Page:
I got a result of the form:

    x(t) = x0 + A t sin(ω t + φ(v0))

    I neglected the energy term in the magnetic field produced by the current in the loop, and only used the magnetic reactive energy in the inductor and the kinetic energy of the rod. I assumed an ideal inductor and frictionless rails, so the sum of these two energies should be a constant. Then I used the diff. eq. for the inductor and Faraday's Law to get a 2nd order ODE in velocity. Anyone please verify this for ismael and me. I am utterly uncertain of it.




    If the form above is correct, then it looks like you were correct about the harmonic motion, ismael. Good intuition.
     
    Last edited: Feb 11, 2004
  11. Feb 11, 2004 #10

    NateTG

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    You should definitely not be getting any kind of occilations.

    Let me give it a whirl:

    The energy stored in the inductor is:
    [tex]E=\frac{1}{2}LI^2[/tex]
    where [tex]L[/tex] is the inductance.
    The kinetic energy of the bar is
    [tex]KE=\frac{1}{2}mv^2[/tex]
    so I have:
    [tex]mgh=\frac{1}{2}LI^2+\frac{1}{2}mv^2[/tex]

    Now all I need is an equation relating the velocity to the current which comes from Faraday's laws...
     
  12. Feb 11, 2004 #11

    turin

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    Oh crap! I forgot to include the grav. pot. E. I think that makes it orders of magnitude more complicated than even the way I did it, for which I had to look up an integral (though it was an inverse trig one, so it wasn't that bizarre, and I really should have it memorized).
     
  13. Feb 12, 2004 #12

    NateTG

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    Now, the rate of change of the flux is going to be proportional to the velocity, so let's (for now) say that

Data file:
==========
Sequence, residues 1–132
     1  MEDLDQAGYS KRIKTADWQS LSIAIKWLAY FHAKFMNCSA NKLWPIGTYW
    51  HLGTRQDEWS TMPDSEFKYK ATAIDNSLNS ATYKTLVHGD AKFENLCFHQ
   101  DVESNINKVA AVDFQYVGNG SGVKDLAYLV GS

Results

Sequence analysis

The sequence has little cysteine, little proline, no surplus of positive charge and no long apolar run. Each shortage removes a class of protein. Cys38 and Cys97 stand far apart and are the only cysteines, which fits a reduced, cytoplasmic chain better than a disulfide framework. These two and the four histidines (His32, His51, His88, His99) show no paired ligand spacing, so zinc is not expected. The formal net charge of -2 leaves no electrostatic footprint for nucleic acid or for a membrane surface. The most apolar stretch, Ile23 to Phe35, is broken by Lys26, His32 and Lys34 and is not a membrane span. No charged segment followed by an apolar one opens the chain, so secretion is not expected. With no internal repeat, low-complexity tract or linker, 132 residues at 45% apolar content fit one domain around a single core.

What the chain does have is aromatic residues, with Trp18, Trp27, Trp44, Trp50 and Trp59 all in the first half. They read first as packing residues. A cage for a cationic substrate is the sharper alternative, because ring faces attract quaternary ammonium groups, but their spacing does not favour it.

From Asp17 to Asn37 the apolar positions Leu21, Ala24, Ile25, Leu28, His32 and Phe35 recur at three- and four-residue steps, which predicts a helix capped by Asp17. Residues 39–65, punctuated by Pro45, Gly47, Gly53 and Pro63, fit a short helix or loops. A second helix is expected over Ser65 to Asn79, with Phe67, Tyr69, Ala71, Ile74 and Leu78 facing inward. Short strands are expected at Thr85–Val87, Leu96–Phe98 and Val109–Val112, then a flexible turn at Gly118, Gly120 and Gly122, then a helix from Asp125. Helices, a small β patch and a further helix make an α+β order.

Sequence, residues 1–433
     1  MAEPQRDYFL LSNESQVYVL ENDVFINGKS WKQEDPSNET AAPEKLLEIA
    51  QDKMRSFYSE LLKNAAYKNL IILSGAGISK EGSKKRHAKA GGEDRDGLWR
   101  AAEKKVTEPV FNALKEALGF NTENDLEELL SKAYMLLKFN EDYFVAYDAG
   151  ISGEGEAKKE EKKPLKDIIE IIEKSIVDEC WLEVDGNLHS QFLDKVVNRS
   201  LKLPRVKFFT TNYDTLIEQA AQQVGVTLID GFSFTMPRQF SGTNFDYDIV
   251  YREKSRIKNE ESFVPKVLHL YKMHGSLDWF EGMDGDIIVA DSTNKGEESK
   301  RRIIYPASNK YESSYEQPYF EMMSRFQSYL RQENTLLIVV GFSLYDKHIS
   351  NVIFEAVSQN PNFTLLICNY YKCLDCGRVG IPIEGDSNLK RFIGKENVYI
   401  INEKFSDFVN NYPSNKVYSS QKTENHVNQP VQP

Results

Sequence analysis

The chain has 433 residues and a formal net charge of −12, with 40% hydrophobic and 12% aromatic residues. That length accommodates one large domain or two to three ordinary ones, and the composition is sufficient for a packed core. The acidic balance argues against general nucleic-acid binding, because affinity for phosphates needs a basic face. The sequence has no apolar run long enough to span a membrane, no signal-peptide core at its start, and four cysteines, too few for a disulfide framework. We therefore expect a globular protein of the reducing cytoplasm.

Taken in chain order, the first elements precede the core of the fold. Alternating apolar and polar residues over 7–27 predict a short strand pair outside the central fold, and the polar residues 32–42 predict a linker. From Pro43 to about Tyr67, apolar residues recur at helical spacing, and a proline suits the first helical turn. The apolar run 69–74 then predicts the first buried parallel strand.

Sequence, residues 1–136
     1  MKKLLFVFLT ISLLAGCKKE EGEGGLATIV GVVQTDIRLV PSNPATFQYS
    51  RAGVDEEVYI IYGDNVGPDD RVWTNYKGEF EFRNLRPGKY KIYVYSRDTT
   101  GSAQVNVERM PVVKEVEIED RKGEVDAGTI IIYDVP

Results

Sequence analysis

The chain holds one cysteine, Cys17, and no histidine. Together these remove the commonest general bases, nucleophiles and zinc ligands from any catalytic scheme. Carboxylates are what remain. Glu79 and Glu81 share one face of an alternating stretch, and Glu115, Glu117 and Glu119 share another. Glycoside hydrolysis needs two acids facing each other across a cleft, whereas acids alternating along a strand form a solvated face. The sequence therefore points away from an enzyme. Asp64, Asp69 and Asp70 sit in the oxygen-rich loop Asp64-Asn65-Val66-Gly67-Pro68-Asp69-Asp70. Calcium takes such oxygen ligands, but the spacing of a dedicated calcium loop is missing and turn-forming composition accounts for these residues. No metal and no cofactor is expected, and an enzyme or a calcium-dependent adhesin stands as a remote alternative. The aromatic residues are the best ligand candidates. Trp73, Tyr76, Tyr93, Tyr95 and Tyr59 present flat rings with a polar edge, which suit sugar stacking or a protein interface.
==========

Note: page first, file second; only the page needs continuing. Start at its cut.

[tex]I=kv[/tex] for some [tex]k[/tex].

    so we have:
    [tex]mgh=\frac{1}{2}Lk^2v^2+\frac{1}{2}mv^2=[/tex]
    simplify a little
    [tex]mgh=(\frac{1}Lk^2+\frac{1}{2}m)v^2[/tex]
    so
    [tex]\sqrt{\frac{2mgh}{Lk^2m}}=v[/tex]

    Of course this is somewhat less than ideal if you want to have velocity as a function of time, instead of velocity as a function of position.

    If you're looking for intuition, I would guess that you will end up with constant acceleration.
     
  14. Feb 12, 2004 #13

    turin

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    Whince did you get this? I thought that the changing flux would induce an emf directly, and only indirectly induce a current. The way I understand it is that the emf around the circuit is
    Vccw = -Blv.
    Then, this is the emf across the inductor (because the inductor is the only non-trivial electronic element), which gives an expression for the current as
    -Blv = L(diccw/dt)
    or
    Bl(dy/dt) = L(diccw/dt).
    That's one diff. eq. with two dependent variables, y(t) and i(t). Then, to get another equation, you use the enery relationship (the one that you corrected for me by including gravity). But this system is non-linear (and therefore scary to me).

    I think it would be more interesting (and/because more realistic) to add a resistance to the loop. If one must go through such a complicated computation, one might as well throw in a resistor for realistic good measure, IMO.